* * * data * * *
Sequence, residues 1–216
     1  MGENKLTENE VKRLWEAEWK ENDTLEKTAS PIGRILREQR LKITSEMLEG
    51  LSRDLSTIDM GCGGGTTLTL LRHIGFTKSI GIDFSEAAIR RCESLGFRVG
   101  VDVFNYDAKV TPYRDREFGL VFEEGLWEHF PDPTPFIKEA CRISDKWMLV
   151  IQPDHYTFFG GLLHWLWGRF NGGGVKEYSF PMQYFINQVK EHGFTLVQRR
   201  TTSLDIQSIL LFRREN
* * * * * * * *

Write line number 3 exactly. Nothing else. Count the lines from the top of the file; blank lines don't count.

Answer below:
    51  LSRDLSTIDM GCGGGTTLTL LRHIGFTKSI GIDFSEAAIR RCESLGFRVG